Shimizu Takashi (Japan - President)
Born in 1972 in Gunma, Japan. Directing from his own scripts for V-Cinema, he scored a word-of-mouth success with Juon and Juon 2 in 1999, which led to their reimagining as the theatrical features and smash-hits Ju-on (2002) and Ju-on 2 (2003). With Sam Raimi producing, he remade his first film as The Grudge (2004). It was the number one in the U.S. box office for two weeks. A sequel, The Grudge 2, also made it to the number one spot. His low-budget film Marebito (Stranger from Afar, 2004) won the Corbeau d’Or at the Brussels International Festival of Fantasy Film. His other work includes Tomie: Re-birth (2001), Rinne (Reincarnation, 2005). He has several projects under way, both in Hollywood and Japan.
Jim Hoberman (USA)
Born, raised and still living in New York City, Jim Hoberman is the senior film critic of the “Village Voice”, the largest weekly newspaper in the US, as well as an adjunct professor of Cinema at the Cooper Union. He is the author of a number of books, including Midnight Movies (written with Jonathan Rosenbaum), Vulgar Modernism: Writing on Movies and Other Media, and The Dream Life: Movies, Media, and the Mythology of the Sixties. His new book, An Army of Phantoms: Hollywood and the Making of the Cold War will be published in early 2011. He has co-curated exhibitions at the Jewish Museum and P.S. 1 in New York and has served on film juries in Rotterdam, Berlin, Jerusalem and Naples and recently completed his second term as a member of the New York Film Festival selection committee.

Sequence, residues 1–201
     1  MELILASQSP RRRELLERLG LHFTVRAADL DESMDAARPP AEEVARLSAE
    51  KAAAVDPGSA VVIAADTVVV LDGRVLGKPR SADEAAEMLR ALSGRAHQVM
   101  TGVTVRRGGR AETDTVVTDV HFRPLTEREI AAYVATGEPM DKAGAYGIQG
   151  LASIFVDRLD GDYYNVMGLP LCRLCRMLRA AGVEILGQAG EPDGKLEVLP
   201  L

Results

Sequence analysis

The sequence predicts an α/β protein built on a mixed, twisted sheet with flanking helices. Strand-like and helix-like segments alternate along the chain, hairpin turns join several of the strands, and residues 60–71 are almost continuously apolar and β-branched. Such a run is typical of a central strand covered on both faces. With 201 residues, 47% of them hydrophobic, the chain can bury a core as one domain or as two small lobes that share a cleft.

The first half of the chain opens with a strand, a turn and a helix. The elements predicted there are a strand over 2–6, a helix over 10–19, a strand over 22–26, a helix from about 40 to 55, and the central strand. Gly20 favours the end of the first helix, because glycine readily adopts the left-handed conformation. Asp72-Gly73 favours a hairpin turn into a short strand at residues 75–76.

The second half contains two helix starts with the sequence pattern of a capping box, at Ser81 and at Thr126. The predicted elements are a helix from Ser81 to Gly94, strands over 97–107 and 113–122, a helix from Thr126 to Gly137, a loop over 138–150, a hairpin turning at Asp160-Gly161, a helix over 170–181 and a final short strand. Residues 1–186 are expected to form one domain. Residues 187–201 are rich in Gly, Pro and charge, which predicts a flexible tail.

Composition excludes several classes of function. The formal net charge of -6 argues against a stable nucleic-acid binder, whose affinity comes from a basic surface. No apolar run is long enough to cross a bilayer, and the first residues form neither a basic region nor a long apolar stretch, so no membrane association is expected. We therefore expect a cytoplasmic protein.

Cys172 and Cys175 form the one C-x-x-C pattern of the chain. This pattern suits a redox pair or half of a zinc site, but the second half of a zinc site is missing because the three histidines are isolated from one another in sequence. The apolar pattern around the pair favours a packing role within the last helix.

David Zamagni (Italy)
Born in Rimini in 1971. A director and filmmaker, he lives and works at Roncofreddo. Together with Nadia Ranocchi, he is the author of the projects by the Zapruder group. From 1994 to 2000, he worked as an actor and was on several occasions a co-author with Enrico Casagrande and Daniela Nicolò of Motus group projects. He subsequently dealt with the realisation of films of various shows by the Fanny&Alexander company and the more recent collaboration for the Purgatorio by Romeo Castellucci. The Zapruder group, founded in 2000 by David Zamagni, Nadia Ranocchi and Monaldo Moretti, which today also includes musician Francesco Brasini and Elena Biserna, has recently won the Lo Straniero Prize for “the hybrid and anti-commercial nature of their “chamber cinema”, which renders this experience an important example of resistance and radicality in the national and international panorama”. Zapruder’s work finds itself in the zone between visual, performance and cinematographic arts and is the result of a mix of technology and craftsmanship based on the hsitory of the techniques of vision, within a process of continuous calling into question of language, aesthetics and technical medium. Since 2005, the group is exploring the potential of stereoscopy, planning and making both cameras and screening systems.